The Corbomite Maneuver
Mapping an area of space, the Enterprise
comes across a space buoy and destroys it, drawing the attention of a bigger ship called the Fesarius
, which deems the Enterprise
crew violent and must be destroyed.
Plot Points/Holes/WTF? Stuff
- Never judge a book by its cover...
- Themes of Maturity...
- We don’t get what Balok actually does. He is the only one of his kind, we assume, and just goes around space “testing” people; and if he deems them non-threatening he invites them over for Tranya to exchange knowledge. So, what does he do to those who don’t pass his test?
- At one point in the episode, Kirk, after leaving McCoy, calls the lift to the bridge, but heads to his quarters. Now, are his quarters near the bridge? Or did the lift computer automatically know...? (This little bit was just odd).
As aforementioned, this is the clichéd “test” story...where humans are tested by aliens to see if they are worthy of something (be it life, knowledge, etc). TOS will have many more of these episodes, and even this type of story will creep into TNG, particularly with the “Q” character. Arguably, Ben Sisko’s life is a test of the Prophets.
In this episode, I felt the size of the Enterprise. It is busy with crew, it is (for lack of a better term) “alive”...unlike later years of the show, where the corridors are usually have very few passerby; and the corridors usually are populated by those who are the main characters, guests, or those actors playing security officers.
The theme of “never judge a book by its cover” is in regards to the crew seeing Balok, and expect an imposing creature, but coming across a presumably knowledgeable humanoid that resembles a little boy....with a grown man’s voice....and an addiction to a beverage called Tranya, which I think tastes like Tang. (Production notes, if I remember correctly, stated the drink was actually grapefruit juice). In turn, Balok has his expectations overturned when he meets the crew of the Enterprise (or, at least, three of them) and finds people willing to learn from him.
Even though I was mistaken that Sulu had no lines in Where No Man Has Gone Before
Sulu spoke, I still think his character is more noticeable here than that previous episode. He is at the helm now...and I definitely remember him having various bits of dialogue! Too, his character seems cooler (literally) than the anxious “white guy” Bailey who is more action before thinking...aka “that guy who looks like the professor from Gilligan’s Island”. Moreover, Sulu’s “Asianess” is not played out; he is just a character who happens to be Asian, and he is an Asian male character.
On the note of Bailey, he is the standout guest character, and possibly even a Mary Sue character; a foil to the main characters, especially in regards to comparing him with Sulu. However, towards the end, he is given the chance to “grow up” as he is given the choice to travel with Balok and exchange ideas. Bailey is also the brunt of a cliché, where a younger character reminds the older lead of his or her early years; in this particular episode it is McCoy who brings up that Bailey may remind Kirk of his younger self. (This cliché will turn up in TOS again, as well as TNG several times, and in other shows and franchises). With that said, I can believe the Chris Pine version could grow into this 1st season Kirk. (This goes back to the idea of Bailey being a foil to the leads, here particularly Kirk, who comes off the more mature individual).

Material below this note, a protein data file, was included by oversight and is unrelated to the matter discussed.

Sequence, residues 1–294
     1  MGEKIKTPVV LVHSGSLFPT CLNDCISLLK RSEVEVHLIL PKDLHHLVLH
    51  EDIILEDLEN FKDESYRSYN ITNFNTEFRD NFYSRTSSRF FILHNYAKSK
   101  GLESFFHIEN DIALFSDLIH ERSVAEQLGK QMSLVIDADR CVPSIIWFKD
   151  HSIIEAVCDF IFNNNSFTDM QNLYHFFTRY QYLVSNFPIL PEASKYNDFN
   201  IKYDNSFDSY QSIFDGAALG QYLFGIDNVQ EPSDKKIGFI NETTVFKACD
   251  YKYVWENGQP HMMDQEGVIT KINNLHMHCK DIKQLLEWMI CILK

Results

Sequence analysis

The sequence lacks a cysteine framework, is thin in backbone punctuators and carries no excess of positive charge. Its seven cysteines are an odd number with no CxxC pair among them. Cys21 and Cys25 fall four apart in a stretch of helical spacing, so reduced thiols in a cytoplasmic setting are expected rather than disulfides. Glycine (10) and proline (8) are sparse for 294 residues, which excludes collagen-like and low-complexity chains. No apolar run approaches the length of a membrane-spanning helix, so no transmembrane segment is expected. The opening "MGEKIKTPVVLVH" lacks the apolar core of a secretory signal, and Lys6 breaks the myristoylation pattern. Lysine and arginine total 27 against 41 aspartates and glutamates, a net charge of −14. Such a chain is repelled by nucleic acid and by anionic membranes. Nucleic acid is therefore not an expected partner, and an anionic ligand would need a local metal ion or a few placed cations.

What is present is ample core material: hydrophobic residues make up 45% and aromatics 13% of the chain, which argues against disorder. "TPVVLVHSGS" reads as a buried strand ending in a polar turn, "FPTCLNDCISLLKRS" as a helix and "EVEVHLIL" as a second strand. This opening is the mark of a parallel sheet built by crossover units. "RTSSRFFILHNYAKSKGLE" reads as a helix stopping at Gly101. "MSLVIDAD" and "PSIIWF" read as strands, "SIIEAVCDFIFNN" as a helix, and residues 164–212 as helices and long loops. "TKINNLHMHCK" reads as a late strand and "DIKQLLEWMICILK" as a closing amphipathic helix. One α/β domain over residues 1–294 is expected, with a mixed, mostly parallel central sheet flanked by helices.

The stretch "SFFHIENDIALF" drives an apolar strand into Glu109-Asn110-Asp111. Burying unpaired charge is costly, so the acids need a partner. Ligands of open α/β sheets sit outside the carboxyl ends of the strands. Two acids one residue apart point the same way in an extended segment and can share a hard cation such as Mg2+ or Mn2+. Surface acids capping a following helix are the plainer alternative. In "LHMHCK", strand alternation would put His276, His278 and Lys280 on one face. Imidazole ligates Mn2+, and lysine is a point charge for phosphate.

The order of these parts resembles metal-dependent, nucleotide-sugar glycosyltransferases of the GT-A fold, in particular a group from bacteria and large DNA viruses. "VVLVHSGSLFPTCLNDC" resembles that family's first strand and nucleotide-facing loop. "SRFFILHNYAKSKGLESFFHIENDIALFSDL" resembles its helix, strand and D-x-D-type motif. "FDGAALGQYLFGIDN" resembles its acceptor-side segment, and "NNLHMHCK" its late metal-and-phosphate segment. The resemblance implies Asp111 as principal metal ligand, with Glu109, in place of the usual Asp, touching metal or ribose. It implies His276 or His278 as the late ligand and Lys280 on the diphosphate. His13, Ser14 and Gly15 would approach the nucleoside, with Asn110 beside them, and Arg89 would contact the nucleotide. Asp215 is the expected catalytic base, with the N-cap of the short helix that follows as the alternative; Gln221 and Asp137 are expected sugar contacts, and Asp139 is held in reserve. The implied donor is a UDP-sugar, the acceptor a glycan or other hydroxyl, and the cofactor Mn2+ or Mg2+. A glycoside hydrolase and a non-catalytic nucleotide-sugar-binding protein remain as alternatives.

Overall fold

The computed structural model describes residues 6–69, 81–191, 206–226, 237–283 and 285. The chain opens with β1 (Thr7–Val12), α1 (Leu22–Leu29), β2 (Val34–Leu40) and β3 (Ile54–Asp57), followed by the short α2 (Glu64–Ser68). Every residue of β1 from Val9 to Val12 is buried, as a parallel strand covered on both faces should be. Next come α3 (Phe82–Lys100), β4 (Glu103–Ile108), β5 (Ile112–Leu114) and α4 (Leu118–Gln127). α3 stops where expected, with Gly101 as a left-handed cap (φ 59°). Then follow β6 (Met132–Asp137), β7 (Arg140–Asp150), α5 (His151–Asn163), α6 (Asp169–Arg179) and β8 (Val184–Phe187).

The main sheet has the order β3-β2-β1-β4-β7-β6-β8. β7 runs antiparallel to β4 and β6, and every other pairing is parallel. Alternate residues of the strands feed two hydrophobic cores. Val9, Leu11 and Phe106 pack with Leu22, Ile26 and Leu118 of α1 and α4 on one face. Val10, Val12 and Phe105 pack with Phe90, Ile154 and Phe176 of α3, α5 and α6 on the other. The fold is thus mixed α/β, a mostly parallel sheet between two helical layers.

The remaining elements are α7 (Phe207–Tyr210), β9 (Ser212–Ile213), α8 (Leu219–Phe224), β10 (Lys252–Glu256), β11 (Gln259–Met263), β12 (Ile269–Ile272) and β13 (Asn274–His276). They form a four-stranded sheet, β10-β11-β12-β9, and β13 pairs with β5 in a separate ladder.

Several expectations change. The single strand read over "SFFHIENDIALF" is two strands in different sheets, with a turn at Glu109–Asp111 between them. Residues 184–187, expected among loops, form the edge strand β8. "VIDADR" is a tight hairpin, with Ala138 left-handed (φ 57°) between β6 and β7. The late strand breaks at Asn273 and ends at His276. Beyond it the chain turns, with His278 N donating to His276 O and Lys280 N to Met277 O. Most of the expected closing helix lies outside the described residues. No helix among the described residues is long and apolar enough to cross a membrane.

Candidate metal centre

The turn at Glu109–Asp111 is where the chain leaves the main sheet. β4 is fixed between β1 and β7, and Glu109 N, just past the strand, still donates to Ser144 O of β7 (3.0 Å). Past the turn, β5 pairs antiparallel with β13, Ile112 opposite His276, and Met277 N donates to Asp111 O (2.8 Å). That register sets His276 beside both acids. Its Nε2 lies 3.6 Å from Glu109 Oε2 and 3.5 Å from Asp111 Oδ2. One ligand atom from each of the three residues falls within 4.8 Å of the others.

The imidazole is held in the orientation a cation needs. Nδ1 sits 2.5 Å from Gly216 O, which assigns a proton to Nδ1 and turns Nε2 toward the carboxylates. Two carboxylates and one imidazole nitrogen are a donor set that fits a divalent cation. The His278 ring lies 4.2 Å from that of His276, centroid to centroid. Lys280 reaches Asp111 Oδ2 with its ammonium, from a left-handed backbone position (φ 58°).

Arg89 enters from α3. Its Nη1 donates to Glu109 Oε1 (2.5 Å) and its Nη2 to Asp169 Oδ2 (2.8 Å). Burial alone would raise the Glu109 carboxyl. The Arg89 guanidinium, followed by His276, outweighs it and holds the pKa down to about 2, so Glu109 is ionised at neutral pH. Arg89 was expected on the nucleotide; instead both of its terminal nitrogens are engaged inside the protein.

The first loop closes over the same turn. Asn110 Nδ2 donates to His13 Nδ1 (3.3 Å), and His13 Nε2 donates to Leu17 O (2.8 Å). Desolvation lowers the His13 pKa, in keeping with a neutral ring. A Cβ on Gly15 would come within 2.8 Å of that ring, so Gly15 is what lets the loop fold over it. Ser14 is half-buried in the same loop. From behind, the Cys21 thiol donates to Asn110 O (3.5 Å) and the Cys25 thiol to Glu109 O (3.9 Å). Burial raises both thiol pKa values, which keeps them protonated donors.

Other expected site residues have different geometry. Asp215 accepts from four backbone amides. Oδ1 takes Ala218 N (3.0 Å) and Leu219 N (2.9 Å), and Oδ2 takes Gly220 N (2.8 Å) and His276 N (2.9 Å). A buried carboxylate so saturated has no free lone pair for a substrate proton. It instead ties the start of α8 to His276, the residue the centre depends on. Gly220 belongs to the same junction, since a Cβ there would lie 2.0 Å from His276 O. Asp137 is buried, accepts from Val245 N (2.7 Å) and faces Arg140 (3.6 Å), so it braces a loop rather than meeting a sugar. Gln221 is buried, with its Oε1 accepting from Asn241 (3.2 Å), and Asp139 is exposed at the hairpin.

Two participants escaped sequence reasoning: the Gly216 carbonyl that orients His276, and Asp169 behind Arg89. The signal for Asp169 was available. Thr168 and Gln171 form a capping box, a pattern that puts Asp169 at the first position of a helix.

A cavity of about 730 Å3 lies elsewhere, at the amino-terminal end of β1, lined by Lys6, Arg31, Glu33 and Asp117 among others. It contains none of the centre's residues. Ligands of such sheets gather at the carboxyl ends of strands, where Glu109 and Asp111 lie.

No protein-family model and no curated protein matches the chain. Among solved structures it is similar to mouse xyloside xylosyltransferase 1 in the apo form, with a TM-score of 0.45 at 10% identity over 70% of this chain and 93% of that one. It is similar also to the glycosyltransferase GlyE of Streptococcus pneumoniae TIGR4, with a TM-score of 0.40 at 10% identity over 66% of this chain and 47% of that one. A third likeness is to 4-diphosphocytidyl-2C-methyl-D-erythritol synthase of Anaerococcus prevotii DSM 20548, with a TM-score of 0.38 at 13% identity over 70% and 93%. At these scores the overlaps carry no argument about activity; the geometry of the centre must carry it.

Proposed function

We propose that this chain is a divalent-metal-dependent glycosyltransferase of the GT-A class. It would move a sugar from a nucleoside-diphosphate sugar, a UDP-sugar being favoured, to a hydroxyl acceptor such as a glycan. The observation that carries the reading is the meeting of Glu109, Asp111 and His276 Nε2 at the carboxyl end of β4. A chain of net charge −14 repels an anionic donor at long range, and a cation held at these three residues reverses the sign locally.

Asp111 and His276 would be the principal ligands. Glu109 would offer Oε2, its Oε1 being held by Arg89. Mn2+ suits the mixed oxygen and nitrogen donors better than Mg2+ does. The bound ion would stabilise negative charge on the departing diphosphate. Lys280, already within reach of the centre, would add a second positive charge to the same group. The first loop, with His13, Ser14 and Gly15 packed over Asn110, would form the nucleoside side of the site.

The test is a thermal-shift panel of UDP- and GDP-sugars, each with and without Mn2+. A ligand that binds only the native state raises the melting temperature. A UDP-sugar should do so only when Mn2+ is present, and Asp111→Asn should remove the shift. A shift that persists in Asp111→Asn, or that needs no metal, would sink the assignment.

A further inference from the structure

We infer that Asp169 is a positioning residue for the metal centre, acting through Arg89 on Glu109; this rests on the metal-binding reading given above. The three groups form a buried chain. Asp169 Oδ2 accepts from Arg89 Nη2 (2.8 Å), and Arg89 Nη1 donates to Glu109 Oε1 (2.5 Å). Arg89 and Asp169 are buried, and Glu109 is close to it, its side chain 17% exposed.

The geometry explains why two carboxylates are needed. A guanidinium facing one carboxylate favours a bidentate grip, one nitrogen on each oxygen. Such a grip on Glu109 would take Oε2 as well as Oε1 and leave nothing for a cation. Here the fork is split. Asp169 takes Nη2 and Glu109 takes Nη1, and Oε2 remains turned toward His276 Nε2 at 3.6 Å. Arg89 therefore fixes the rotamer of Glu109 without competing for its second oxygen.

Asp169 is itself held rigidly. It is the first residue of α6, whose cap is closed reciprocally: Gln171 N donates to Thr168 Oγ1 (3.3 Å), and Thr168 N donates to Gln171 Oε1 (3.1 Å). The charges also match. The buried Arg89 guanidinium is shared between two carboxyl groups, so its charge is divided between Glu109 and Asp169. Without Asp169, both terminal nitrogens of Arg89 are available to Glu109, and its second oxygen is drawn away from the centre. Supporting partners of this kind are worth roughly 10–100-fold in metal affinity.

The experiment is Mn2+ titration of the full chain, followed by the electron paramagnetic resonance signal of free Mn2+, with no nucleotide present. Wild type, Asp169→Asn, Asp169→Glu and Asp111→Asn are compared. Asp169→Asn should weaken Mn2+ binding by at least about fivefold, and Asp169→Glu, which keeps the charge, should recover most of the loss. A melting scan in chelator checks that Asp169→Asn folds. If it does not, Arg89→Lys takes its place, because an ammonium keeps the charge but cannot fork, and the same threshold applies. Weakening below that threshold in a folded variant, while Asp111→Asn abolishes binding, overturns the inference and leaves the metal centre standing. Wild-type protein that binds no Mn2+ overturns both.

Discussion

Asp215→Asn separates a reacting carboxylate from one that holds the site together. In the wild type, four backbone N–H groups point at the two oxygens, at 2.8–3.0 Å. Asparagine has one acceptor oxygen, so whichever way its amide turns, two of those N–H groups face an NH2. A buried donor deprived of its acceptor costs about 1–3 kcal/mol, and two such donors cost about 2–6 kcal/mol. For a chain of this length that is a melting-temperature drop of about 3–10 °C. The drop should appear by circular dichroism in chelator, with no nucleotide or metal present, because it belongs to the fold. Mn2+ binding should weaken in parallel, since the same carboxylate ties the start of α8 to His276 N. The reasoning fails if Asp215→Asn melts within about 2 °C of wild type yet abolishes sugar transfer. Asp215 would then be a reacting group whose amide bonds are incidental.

Uhura seems to be on the command track (since she is wearing yellow, and Trek lore seems to have those wearing yellow looking to have their own ship someday). Even though her dialogue is next to nothing, at this time, it is interesting to have a sexy black woman on the small screen. Too, she is not doing anything different since Dorothy Dandridge was doing the same years before on the big screen, but still was limited because her ethnicity. (Of course, even Nichelle Nichols would complain her character wasn’t doing much, but told by M.L.K - Martin Luther King, Jr. - that her presence alone was something). Of course, today, I expect a lot more from a franchise that claims to be the forefront in diversity: *cough* Enterprise
and Ensign Travis Mayweather *cough**hack*
The producers were - possibly unconsciously - promoting James T. Kirk to be the cool, seasoned starship captain. This is apparent when he is walking bare-chested in the corridors while crew scurry around him to their stations. This is an interesting contrast to Picard of the 1st season, who was almost unlikable, crochety, elitist, etc. However, Kirk is also a bit sexist, when he mentions that he is upset at whoever assigned him a female yeoman....in this “diverse” future. Hence, the future of Trek isn’t perfect. There is still sexism, and what we may gather from other episodes - not only in TOS, but the franchise - racism. Still, aside from that character flaw, he is more level-headed than his TNG counterpart (in this 1st season, not as reckless as he is usually made out to be) and the “William Shatner” persona or ego didn’t cloud the character as it will in later years of TOS, and the movies.
Lastly, John D.F. Black’s name was familiar to me, as I noticed that he wrote or co-wrote some films in the “blaxploitation” era, namely Shaft
, which wasn’t a “blaxploitation” film per se, but inspired the era, since said film was successful.
I was going back and forth with 3.3 and 3.4, since this is a clichéd story (even for its time, I think) but a good dramatic story that is usual for the 1st season. So, I give it a 3.35
. The overall pacing is slower, more dramatic than later seasons; and unlike some other Trek franchises, the TOS 1st season, at least for me, is the strongest.